Wednesday, January 31, 2024

The FAA is continuing its awareness campaign and working with law enforcement to reduce laser strikes throughout the country. Pointing lasers at aircraft creates a serious safety risk to pilots and may damage their vision.

Pointing a laser at an aircraft is a federal offense. The FAA works closely with federal, state and local law enforcement agencies to pursue civil and criminal penalties against people who purposely aim a laser at an aircraft. The agency may take enforcement action against people who violate Federal Aviation Regulations by shining lasers at aircraft, and can impose civil penalties of up to $11,000 per violation. The FAA can impose civil penalties up to $30,800 against people who commit multiple laser violations.

The substantial number of reported incidents clearly show that laser strikes on aircraft remain a serious threat to aviation safety.

Laser Incidents Per Year
Year Number of Laser Incidents
2023 13,304
2022 9,457
2021 9,723
2020 6,852
2019 6,136
2018 5,663
2017 6,754
2016 7,398
2015 7,346
2014 3,894
2013 3,960
2012 3,482
2011 3,591
2010 2,836
2009 1,527
2008 913
2007 590
2006 384

The increase in the number of reported laser strikes is due to a number of factors. This includes:

  • The availability of inexpensive laser devices
  • The abundance of lasers for sale in stores and online
  • The number of lasers being given as gifts
  • Stronger power levels that enable lasers to hit aircraft at higher altitudes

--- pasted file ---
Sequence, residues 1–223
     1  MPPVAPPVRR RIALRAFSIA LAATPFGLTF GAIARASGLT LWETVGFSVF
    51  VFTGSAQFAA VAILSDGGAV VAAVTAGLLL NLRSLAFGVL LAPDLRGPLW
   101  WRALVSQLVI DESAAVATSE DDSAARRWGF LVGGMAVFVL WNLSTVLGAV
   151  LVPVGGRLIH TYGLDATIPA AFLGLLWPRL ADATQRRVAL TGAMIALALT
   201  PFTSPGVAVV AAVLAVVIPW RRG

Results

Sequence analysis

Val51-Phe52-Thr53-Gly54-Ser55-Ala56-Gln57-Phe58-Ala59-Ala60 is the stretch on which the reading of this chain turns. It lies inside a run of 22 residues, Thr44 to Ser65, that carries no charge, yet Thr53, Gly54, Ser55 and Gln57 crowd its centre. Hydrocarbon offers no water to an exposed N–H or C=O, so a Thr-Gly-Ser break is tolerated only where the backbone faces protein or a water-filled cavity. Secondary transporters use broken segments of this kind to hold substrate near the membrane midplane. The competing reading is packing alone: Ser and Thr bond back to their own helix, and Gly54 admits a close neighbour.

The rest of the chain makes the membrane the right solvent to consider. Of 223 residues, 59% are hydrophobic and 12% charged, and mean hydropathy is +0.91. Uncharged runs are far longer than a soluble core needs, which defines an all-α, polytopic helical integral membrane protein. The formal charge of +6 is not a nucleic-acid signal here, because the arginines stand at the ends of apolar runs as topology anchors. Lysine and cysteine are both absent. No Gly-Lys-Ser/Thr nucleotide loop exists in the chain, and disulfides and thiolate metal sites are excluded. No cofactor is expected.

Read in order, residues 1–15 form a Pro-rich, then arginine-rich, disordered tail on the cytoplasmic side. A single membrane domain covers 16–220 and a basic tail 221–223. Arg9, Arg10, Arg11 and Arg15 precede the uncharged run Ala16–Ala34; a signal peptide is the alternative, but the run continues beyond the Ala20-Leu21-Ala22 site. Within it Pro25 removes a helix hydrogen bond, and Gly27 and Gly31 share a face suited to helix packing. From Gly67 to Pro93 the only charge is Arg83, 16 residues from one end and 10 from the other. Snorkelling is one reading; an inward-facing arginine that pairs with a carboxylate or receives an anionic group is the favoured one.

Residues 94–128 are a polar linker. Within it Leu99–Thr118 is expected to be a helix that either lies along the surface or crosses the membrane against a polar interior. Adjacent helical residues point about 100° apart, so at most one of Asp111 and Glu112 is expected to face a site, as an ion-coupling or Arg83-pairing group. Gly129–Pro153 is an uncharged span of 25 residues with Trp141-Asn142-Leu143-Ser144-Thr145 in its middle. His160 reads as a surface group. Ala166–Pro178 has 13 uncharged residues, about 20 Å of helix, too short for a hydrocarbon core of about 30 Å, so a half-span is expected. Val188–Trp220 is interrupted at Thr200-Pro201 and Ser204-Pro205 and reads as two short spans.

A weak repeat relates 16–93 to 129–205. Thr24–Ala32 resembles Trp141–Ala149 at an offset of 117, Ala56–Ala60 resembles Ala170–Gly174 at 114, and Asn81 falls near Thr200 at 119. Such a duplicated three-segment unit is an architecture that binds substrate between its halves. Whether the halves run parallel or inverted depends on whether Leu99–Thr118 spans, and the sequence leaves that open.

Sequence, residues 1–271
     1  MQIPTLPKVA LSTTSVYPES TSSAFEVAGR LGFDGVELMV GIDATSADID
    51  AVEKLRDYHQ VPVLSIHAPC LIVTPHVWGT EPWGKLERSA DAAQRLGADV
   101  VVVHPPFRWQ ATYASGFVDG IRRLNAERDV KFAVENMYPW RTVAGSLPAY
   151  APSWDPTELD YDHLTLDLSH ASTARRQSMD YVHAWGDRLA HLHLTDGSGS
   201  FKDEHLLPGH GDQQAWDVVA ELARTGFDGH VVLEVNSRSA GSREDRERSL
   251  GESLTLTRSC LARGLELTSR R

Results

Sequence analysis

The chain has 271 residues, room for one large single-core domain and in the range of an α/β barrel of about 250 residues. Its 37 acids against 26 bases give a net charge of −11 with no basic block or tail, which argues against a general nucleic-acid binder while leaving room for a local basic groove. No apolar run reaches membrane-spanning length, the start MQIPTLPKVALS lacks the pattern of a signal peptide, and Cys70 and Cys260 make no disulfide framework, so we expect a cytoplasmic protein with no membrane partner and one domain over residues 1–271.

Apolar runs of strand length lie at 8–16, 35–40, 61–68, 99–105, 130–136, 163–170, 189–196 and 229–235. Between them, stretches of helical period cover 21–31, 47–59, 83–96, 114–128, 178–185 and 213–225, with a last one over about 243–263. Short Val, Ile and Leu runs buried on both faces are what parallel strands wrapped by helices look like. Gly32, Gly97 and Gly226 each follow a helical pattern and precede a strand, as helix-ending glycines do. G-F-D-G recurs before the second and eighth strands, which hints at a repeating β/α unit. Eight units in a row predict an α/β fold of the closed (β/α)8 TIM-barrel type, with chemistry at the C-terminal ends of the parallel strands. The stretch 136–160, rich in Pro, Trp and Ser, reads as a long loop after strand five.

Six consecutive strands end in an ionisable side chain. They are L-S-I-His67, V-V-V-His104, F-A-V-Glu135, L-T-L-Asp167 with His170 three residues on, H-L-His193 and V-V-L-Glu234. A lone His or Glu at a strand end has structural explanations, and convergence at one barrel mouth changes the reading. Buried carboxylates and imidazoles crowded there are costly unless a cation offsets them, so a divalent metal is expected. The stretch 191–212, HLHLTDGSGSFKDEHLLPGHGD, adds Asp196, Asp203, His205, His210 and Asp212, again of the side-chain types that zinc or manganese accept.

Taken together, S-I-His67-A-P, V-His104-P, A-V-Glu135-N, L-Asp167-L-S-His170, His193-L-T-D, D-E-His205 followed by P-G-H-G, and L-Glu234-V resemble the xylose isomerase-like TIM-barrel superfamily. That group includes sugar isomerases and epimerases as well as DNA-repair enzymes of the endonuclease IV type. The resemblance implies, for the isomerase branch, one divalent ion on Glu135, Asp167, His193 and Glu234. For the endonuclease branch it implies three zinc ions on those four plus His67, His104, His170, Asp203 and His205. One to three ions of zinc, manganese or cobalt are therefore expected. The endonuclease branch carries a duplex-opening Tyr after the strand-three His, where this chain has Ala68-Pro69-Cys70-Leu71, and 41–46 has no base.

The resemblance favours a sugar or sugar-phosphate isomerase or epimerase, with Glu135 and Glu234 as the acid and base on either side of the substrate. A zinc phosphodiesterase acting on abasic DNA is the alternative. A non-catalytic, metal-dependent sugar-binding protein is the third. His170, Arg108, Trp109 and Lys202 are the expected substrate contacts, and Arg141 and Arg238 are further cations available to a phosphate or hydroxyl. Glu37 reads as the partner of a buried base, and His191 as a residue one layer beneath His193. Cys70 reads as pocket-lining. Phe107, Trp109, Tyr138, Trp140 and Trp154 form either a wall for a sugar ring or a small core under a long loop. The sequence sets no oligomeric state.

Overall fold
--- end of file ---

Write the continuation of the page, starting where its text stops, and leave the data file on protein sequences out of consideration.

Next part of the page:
• Green lasers, which are more visible to the human eye than red lasers
  • Greater awareness by pilots to report laser incidents, due in large part to the FAA’s extensive outreach program

The FAA’s guidance for agency investigators and attorneys stresses that laser violations should not be addressed through warning notices or counseling. The agency seeks moderately high civil penalties for inadvertent violations, but maximum penalties for deliberate violations. Violators who are pilots or mechanics face revocation of their FAA certificate in addition to the civil penalties.

In addition to the federal law, some cities and states also have laws against shining a laser at aircraft. Federal, state, and local prosecutors have sentenced laser violators to jail time, community service, probation and additional financial penalties for court costs and restitution.

The FAA strongly encourages people to report laser incidents, whether they are pilots, air traffic controllers or members of the public.